Is the radical breakdown for a kanji canonical?

My first post. Apologies if this has been asked before; it’s difficult to google.

It seems like they’re not canonical. Jisho and WK seem to differ in some cases.

For example, I am learning the kanji for year (年). Typically I try to spot the radicals beforehand so I can get better at recognizing them. I came up with the life kanji(生) + the drop radical.

WK has the cow radical and gun radical which IMO is not that clear especially since cow already has something gun shaped which looks completely different.

On the other hand, jisho lists the parts as ground, slide, pestle/dry, and second(?). With the main radical being pestle/dry.

It seems that radicals therefore are not strictly defined for each kanji, and maybe they can be somewhat fluid?

For me I think remembering year would be easiest with my interpretation as a mnemonic “a year is a drop of life”. This is the first time I’ve come across this situation though, so I’d like to know what people who actually know kanji think.

Would it be harmful long-term to use my own radical interpretation (within reason) in terms of my ability to understand written japanese?

As of right now I have no plans to learn to write, so stroke order which probably is affected by radical interpretation may not matter.

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no

the “radicals” on Wanikani are meant specifically to help build the mnemonics, nothing more. There’s been some arguments about whether they should be called radicals (paticles?) at all.


totally not harmful, if you feel more comfortable with your own. Just note that Wanikani will use their own definitions in their mnemonics.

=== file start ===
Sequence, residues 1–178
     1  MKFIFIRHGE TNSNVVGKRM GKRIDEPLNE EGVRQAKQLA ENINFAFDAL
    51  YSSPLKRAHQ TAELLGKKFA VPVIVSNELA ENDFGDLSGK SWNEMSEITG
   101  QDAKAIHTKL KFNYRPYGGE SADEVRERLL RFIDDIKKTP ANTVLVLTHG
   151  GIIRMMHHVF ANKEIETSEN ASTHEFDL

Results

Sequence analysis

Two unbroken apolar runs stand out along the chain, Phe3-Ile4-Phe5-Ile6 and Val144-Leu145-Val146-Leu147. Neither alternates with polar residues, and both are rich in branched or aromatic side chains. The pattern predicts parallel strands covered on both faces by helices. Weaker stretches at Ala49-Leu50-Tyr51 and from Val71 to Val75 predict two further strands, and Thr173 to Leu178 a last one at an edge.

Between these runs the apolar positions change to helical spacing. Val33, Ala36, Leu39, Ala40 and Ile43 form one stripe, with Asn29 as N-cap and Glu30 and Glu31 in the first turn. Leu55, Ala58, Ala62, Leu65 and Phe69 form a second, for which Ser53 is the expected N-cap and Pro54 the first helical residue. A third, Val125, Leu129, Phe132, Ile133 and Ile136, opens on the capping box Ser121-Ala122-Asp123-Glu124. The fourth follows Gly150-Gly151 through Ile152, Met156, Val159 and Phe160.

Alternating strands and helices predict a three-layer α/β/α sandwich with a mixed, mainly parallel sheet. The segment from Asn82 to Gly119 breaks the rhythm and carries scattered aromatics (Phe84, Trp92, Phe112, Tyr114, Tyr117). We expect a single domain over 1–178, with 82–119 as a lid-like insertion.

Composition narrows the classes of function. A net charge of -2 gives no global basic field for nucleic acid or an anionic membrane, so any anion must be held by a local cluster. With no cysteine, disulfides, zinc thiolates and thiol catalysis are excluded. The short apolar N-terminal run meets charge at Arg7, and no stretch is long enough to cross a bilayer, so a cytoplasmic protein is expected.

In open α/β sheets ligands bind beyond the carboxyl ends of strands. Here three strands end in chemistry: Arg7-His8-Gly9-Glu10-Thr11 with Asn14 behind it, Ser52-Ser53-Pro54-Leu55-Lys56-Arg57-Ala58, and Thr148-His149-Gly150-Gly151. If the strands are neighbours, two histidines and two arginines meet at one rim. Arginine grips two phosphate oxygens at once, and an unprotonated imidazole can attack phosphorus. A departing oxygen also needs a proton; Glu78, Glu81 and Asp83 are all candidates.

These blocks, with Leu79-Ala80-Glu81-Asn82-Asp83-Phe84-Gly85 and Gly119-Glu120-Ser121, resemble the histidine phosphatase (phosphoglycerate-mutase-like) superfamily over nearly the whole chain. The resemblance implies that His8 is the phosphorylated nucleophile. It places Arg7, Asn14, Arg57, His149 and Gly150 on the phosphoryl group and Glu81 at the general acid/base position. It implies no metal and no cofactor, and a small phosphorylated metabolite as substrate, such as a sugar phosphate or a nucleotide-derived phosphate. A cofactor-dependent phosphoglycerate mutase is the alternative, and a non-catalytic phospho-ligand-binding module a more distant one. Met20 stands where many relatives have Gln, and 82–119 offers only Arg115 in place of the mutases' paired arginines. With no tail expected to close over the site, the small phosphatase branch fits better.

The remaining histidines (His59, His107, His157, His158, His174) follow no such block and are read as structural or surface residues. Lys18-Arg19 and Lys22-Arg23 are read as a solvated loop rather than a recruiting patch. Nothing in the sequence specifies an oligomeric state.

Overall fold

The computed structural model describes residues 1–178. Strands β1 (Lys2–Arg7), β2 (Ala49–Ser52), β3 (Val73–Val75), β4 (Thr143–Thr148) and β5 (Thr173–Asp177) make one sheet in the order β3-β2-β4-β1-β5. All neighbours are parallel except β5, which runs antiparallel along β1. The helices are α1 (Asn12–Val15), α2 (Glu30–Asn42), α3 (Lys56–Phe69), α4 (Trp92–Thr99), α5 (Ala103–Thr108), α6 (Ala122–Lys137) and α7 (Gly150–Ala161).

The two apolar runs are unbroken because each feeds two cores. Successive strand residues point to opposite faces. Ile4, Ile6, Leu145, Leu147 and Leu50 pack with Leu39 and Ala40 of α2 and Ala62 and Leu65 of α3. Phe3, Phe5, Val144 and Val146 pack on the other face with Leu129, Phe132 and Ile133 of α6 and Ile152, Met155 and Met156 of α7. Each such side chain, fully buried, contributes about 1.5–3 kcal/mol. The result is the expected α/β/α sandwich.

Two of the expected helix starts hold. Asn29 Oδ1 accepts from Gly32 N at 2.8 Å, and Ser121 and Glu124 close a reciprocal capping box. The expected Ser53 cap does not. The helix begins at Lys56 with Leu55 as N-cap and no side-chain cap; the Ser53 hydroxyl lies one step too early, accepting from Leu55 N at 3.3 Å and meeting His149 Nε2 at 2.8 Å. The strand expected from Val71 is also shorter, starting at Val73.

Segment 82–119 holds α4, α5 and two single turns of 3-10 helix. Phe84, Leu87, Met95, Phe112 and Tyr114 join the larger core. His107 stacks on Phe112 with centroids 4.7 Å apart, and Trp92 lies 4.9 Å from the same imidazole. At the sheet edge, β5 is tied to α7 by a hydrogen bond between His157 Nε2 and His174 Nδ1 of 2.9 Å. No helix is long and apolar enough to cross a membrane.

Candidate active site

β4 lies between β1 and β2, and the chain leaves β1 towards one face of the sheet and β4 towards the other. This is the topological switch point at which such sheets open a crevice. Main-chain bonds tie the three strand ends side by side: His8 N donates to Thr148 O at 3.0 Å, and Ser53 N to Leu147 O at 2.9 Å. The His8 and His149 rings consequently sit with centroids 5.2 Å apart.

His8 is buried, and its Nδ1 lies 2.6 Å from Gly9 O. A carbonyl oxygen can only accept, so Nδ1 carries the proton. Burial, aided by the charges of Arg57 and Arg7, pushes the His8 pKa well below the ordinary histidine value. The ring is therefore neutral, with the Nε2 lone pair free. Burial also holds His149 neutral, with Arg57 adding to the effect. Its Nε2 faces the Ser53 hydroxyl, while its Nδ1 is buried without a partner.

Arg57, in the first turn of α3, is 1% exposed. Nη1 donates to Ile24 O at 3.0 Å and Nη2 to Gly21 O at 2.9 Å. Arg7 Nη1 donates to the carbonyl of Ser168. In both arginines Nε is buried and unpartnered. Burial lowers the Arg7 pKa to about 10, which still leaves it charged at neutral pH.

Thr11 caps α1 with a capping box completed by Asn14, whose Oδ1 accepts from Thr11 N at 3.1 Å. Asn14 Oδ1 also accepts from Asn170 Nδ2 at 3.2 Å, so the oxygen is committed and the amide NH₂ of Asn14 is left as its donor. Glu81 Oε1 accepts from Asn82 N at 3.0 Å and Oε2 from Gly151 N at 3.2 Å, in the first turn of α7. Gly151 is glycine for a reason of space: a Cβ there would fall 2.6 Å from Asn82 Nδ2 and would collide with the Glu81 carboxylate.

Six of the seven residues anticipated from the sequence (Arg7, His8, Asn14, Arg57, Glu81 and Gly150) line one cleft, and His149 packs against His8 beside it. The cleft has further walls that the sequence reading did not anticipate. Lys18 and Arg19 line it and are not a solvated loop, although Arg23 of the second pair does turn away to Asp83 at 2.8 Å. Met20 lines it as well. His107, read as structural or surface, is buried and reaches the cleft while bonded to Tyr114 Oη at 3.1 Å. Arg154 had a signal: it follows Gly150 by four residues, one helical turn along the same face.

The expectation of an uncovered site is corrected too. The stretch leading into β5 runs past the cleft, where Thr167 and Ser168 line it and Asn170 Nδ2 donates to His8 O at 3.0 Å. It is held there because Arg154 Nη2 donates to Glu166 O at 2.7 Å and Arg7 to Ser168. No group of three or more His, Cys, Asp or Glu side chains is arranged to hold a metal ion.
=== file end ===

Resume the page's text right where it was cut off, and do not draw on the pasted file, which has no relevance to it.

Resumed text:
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Thanks for the information!

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I think you should remember it in whatever way makes the most sense to you.

Wanikani definitely does not follow the “standard” radical breakdown of kanji, even inventing some of its own radicals, or using non-standard names for radicals to make things easier (see this help section for more info on why) – the Tofugu article linked from that page is also worth a read.

That said, there is always an “accepted” dominant radical for each kanji, which is what you would use to look up a kanji in a kanji dictionary (in the old days, now there are much better methods with various websites and apps). For example, for 年 the main radical (部首) if you look it up in a kanji dictionary (just google “年 部首”) is (かん・いちじゅう).

However, you will probably never need to know this, and knowing the dominant radical does not necessarily help you remember all the other parts to the kanji, so I think using Wanikani’s or your own is probably best.

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You may be interested in this:

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I actually saw that before. I was aware that the radicals themselves were described differently, just not that the way a kanji was broken down into radicals was different.

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Ah ok cool.

As noted, you totally can but you will also have to do your own mnemonics since WK bases them on that.

Personally, I found the radicals helpful up to about level 45 or so. That’s when most of the radicals just start being old Kanji. However, the radicals I learned previously definitely helped long term.

One piece of advice then is to be consistent in the application as much as possible so as not to confuse yourself.

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I use the notes sections to keep track of when I have a more suitable mnemonic for myself, so hopefully that won’t be a problem.

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I think the OP question has aready been answered, but I wanna give a shout-out for the Keisei-Semantic-Phonetic script - because WK has a tendency to break down kanji into multiple radicals as you progress. But, those can also be lumped together to form a bigger radical sometimes - which might be easier to remember or construct a mnemonic around.

This script helps you identify on-yomi pronunciation relationships between kanji due to the radials present, so it’s super-helpful for learning those on’yomi - or allowing you to guess them with time!

But, it also helps you see that bigger picture of the radicals used! ^>^